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p. 352



FROM Ulu and Nana-ulu, sons of Ki‘i, twelfth in succession from Wakea and Papa, all high chief families count descent. Hikapoloa, as well as the Waha-nui and Keikipaanea families of early legend, belong to the Nanaulu line, The important Maweke family is, according to Kamakau, the first of that line from whom men today trace ancestry. Their contemporaries are the Paumakua of Oahu, the Kuhiailani of Hawaii, Puna of Kauai, Hua of Maui, and the Kamauaua of Molokai. To the Ulu line belongs the late migration of chiefs introduced by Paao to the island of Hawaii, from whom most families of that island trace descent. Both legends, that of Paao and that of Maweke, are believed to have bearing upon early colonization of the Hawaiian group from North Tahiti.

The coming of Maweke and his sons to the Hawaiian group is dated sometime between the eleventh and twelfth centuries. Their descendants are supposed to have occupied the whole of Oahu and spread to the islands of Kauai, Maui, and Molokai, and hence, some say, the differences in speech and custom between these islands and Hawaii. Of the three sons of Maweke, Mulieleali‘i who inherited his father's lands on the south side of the island of Oahu, Keaunui who settled the western end of the island, and Kalehenui who took the north side, it is the children of the first about whom legends are told today. Of the three sons of Mulieleali‘i, Kumuhonua, Moikeha, and Olopana, it is the firstborn, Kumuhonua, who succeeds to his father's lands. Kamakau asserts that the two younger brothers, Moikeha and Olopana, make a sea attack upon him and are defeated and taken captive, together with La‘a. However this may be, the Kumuhonua line of Oahu ruling chiefs ends with Haka. With Mailikukahi, who succeeds Haka, the Moikeha branch is established as the ruling line. 1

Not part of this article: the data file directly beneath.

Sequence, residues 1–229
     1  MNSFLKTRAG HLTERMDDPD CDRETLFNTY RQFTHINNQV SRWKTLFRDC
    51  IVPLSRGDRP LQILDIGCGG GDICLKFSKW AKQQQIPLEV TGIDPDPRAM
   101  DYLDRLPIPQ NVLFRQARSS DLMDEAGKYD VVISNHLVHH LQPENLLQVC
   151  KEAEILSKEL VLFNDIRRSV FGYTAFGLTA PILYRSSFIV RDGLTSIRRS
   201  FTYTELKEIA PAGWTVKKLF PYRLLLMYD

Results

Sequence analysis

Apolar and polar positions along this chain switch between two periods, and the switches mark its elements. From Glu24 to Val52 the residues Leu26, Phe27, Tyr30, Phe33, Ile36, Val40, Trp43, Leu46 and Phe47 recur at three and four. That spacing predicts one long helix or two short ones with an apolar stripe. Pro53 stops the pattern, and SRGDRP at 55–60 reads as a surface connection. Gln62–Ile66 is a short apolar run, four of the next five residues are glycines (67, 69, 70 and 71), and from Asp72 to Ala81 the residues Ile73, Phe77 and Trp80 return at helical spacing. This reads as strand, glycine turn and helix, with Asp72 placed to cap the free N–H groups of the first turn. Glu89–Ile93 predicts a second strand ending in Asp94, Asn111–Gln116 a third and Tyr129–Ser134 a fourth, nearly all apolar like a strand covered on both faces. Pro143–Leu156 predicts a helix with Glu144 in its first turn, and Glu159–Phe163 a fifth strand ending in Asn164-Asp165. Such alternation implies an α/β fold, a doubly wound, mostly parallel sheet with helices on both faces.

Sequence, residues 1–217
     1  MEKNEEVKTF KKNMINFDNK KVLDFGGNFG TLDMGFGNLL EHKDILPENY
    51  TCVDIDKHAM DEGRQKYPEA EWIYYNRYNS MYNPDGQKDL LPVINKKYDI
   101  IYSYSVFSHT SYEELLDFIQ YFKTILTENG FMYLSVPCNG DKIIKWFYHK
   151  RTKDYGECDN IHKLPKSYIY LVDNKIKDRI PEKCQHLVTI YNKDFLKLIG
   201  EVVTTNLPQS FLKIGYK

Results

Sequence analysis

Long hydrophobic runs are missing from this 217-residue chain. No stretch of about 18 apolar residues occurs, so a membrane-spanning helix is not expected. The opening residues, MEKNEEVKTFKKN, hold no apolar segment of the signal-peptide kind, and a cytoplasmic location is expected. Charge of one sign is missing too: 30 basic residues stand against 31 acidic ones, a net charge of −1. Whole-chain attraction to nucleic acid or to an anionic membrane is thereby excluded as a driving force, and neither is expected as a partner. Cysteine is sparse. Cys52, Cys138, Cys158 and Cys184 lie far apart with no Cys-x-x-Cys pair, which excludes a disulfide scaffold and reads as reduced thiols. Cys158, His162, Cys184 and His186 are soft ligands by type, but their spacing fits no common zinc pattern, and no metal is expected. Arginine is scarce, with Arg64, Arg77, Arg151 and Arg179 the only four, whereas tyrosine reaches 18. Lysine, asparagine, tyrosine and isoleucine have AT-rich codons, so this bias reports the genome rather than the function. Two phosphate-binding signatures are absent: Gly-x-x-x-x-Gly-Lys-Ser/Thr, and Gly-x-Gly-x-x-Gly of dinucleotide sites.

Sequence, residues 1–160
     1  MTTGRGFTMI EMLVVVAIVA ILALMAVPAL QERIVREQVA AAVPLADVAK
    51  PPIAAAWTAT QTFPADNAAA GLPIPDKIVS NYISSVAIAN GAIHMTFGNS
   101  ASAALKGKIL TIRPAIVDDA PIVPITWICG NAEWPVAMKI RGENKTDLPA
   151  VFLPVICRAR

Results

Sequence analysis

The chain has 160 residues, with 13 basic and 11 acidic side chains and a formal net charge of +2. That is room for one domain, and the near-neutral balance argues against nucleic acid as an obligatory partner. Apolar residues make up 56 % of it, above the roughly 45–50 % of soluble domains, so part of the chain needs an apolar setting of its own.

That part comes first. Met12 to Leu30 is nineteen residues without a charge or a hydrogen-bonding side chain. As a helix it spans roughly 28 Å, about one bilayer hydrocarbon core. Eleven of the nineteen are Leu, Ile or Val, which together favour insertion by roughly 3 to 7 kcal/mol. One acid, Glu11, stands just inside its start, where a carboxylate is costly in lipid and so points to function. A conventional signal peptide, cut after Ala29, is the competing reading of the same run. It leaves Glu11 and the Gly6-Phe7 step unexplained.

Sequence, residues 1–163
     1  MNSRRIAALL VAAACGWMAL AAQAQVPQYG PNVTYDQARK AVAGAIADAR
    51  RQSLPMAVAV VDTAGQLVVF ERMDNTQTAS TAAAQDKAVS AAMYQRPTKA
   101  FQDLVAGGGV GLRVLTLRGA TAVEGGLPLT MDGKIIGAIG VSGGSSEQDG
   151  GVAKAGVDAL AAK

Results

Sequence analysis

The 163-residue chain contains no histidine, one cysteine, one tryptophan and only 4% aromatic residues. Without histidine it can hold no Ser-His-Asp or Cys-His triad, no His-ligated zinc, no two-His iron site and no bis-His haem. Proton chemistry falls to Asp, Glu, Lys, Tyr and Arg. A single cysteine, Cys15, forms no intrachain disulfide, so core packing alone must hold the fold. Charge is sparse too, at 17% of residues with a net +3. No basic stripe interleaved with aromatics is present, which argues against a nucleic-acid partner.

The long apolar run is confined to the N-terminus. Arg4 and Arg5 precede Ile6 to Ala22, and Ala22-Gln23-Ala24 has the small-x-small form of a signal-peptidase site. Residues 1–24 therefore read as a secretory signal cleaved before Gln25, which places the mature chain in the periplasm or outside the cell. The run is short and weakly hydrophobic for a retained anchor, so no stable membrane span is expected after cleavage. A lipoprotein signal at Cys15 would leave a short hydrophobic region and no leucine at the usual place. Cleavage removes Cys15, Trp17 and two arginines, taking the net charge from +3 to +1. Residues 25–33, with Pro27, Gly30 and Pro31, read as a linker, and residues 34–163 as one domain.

p. 353


Olopana settles in Waipio on Hawaii and Lu‘ukia, grand-daughter of Hikapoloa of Kohala, becomes his wife. They are driven out by a flood and retire to Kahiki where some say Moikeha is living, others that he was with Olopana in Waipio. Moikeha becomes infatuated with Lu‘ukia and Olopana raises no objections; but a rival suitor, Mua, who cannot win her favor, pretends to her that Moikeha is defaming her publicly, and she will have nothing more to do with Moikeha. The chief therefore leaves his lands under the care of Olopana and paddles away in a canoe manned by companions whose names, as recorded, are perpetuated as place names on the Hawaiian group. His canoes beach on the island of Kauai, at Waimahanalua, in Kapa‘a in Wailua. The pretty daughters of the chief Puna are out surfing. They take Moikeha for their husband and he succeeds at Puna's death to his father-in-law's lands. . . .

Moikeha's son Ho‘okamali‘i settles at Ewa on Oahu, Haulanui-aikea remains on Kauai, Kila goes to Hilo, Hawaii. Other sons named are Umalehu, Kaialea, Ke-kai-hawewe, Lau-kapalala. His two wives are Ho‘oipo-i-ka-malanai and Hina-uulua [but both names may belong to a single woman and "Sweetheart in the trade wind" may be a chant name for the Hina-uulua who appears on the Nana-ulu genealogy as wife of Moikeha and mother of Ho‘okamali‘i who succeeds his father].

On the journey from the south the party touches first at the easternmost point of Hawaii and the younger brothers of Moikeha (Kumukahi and Ha‘eha‘e) remain at Puna; the kahunas Mo‘okini and Ka-lua-wilinau make their home at Kohala; Honua-ula lands in Hana on Maui; the sisters Makapu‘u and Makaaoa land on Oahu [where Kila visits them when he sails after La‘a, and Hi‘iaka claims Makupu‘u as relative in ghost form on her journey about Oahu]. The rest of the party go on to Kauai. These include the paddlers Ka-pahi and Moana-ikaiaiwe, the sailing master Kipu-nui-aiakamau, with his mate, especially skilled in maneuvering a canoe by backing water; the spy Kaukaukamunolea, with his mate, who goes later as pilot with Kila